Position sizing techniques: Estimating Equity Capital for Active Traders

Defining Equity Capital

The last chapter gave an overview of position sizing, showing why it is important to include in any trading strategy. We will now look further into how to implement effective position sizing. This involves determining the amount of your equity capital that needs to be exposed for a particular trade.

A small recap on position sizing

Position sizing is all about working out how much capital to dedicate to a particular trade with the capital you have available. The popular 5% rule is widely used, which means that no more than 5% of the trading capital can be placed on one trade. For instance, if your capital is Rs. 100,000/-, then no more than Rs.5000/- may be risked in any single deal.

In this scenario, the trade has an exposure of 5000 units, while the equity capital amounts to 10000 units. You have made the decision to invest 5000 units per trade, guided by a position sizing rule or strategy.

It’s clear there is no one-size-fits-all approach for position sizing; you need to try various methods and determine which works best for you. Later on, I’ll cover some techniques to help give you ideas.

No matter what position sizing strategy you adopt, eventually it will necessitate estimating your equity capital. Therefore, let’s discuss the process of gauging equity capital before we look into the various position sizing approaches.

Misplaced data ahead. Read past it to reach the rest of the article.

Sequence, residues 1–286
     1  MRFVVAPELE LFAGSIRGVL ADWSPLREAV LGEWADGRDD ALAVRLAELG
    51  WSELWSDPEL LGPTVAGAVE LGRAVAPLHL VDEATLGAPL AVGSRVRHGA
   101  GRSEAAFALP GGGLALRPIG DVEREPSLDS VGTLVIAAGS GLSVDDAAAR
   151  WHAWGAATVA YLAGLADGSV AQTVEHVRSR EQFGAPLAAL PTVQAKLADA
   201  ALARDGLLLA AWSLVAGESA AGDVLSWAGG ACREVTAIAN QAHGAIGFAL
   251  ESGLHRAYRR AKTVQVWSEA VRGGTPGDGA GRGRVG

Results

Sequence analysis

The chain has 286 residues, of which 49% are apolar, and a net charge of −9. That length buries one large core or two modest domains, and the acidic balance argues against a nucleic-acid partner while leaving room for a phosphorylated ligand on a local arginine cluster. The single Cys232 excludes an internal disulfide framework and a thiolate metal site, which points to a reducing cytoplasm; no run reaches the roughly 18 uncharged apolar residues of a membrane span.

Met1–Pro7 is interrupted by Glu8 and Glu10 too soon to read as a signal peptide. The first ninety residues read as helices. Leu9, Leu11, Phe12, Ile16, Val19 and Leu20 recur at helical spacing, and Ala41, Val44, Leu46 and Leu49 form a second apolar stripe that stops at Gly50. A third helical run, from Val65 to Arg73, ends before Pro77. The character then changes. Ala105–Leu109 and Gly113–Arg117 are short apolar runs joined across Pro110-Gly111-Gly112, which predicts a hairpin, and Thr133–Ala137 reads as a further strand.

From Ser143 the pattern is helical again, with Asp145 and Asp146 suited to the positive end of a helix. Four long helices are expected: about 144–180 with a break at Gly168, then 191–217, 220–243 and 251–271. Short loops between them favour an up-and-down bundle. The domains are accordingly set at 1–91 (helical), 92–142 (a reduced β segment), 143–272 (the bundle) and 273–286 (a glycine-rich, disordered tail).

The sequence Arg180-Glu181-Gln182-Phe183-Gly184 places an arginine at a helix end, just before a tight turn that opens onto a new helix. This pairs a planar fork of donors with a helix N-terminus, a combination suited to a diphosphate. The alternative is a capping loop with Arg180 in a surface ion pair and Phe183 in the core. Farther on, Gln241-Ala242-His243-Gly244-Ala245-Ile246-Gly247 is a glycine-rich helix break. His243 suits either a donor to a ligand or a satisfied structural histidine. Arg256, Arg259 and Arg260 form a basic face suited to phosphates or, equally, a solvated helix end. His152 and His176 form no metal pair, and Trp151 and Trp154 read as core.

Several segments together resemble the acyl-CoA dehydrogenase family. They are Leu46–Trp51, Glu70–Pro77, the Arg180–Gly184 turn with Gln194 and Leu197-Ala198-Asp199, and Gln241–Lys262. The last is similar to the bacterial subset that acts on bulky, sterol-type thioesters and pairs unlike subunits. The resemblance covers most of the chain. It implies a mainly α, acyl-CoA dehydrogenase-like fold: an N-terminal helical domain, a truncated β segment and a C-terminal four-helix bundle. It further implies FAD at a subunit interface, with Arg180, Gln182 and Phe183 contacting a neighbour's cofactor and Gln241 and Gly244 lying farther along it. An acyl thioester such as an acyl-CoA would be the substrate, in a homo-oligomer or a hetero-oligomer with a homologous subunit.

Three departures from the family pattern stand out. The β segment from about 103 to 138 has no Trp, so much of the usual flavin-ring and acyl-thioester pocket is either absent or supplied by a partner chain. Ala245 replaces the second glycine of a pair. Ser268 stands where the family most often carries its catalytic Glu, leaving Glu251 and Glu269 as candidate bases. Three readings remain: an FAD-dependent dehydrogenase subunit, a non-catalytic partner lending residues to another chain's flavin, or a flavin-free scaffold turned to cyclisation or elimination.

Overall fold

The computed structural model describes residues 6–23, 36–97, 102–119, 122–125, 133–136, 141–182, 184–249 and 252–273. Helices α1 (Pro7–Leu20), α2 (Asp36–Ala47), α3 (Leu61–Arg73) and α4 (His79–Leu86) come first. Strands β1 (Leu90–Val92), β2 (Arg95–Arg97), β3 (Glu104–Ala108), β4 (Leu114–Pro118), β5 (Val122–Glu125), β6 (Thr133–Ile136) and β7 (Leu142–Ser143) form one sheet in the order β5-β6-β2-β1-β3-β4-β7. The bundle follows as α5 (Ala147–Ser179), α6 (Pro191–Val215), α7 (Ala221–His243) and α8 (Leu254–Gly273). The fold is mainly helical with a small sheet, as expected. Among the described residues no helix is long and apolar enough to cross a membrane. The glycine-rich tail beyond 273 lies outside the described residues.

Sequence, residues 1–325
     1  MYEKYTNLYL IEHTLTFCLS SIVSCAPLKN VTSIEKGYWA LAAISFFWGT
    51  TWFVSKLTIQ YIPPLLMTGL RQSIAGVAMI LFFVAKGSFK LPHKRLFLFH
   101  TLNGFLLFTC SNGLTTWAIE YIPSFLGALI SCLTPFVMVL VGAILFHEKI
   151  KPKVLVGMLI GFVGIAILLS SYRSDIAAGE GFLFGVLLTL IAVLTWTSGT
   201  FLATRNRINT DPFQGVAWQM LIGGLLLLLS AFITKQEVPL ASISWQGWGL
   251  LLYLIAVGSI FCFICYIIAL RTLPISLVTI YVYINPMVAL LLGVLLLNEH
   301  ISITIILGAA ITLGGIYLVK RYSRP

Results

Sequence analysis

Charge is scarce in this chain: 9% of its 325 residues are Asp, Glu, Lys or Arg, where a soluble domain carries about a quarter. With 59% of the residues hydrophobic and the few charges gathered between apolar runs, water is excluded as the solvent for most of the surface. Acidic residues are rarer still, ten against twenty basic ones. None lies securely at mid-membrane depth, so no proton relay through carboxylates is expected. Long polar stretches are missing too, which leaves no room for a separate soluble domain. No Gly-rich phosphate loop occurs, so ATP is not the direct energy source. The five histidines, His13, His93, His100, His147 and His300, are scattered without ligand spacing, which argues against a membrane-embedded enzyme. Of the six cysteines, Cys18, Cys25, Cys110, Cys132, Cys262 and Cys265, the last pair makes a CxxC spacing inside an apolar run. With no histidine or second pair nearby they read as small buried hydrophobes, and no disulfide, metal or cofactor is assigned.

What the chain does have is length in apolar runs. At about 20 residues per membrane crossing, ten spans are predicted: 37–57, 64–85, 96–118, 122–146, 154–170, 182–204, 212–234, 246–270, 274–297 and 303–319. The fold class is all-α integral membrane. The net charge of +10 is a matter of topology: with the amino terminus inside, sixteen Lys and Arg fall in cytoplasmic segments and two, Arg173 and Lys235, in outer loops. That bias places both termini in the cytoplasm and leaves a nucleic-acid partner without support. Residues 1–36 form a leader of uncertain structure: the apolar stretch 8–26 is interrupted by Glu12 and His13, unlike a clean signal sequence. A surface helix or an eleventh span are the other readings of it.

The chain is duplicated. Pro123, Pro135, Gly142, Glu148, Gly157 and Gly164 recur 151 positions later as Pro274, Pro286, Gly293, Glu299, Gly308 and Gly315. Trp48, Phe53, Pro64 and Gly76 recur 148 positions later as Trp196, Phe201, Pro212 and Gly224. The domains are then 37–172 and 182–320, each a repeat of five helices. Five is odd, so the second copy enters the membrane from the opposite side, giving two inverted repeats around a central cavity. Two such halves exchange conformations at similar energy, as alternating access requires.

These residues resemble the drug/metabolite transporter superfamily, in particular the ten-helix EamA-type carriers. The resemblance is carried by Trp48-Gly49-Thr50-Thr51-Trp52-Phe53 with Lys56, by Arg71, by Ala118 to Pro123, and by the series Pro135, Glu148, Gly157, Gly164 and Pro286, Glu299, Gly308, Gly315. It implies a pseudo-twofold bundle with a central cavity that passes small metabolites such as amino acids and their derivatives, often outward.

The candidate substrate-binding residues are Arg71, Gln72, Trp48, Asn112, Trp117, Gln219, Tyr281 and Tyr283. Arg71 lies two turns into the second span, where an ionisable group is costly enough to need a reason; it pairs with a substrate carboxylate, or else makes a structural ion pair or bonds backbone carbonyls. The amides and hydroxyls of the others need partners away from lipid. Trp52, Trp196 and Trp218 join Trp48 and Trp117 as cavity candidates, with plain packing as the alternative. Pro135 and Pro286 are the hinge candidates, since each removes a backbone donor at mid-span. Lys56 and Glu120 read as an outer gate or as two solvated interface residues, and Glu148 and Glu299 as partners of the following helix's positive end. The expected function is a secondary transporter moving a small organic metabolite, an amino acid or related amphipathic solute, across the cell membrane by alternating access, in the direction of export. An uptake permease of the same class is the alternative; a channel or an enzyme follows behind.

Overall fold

What do I mean by equity capital?

Equity capital is essentially the sum of funds in your trading account which you use to decide how much money to invest in a trade. This might seem straightforward to you right now. But let me explain why it’s more complicated than that.

Suppose you have Rs.500,000 to invest in the market and employ a strict position sizing system, limiting each transaction to 10% of your capital. With this in mind, a single entry should be no more than Rs.50,000.

What is your equity capiital for the next tradE? 

Is it Rs.450,000?

Is it still Rs.500,000 considering the fact 50K is deployed in a trade?

Should it be 450,000 plus 50K ± the P&L from the trade that exists in the market?

Due to the sheer amount of potential outcomes and scenarios, calculating equity for a trade is not easy. It is therefore vital that we get our calculations precisely right when determining equity capital before exploring position sizing principles.

– Estimating  Equity Capital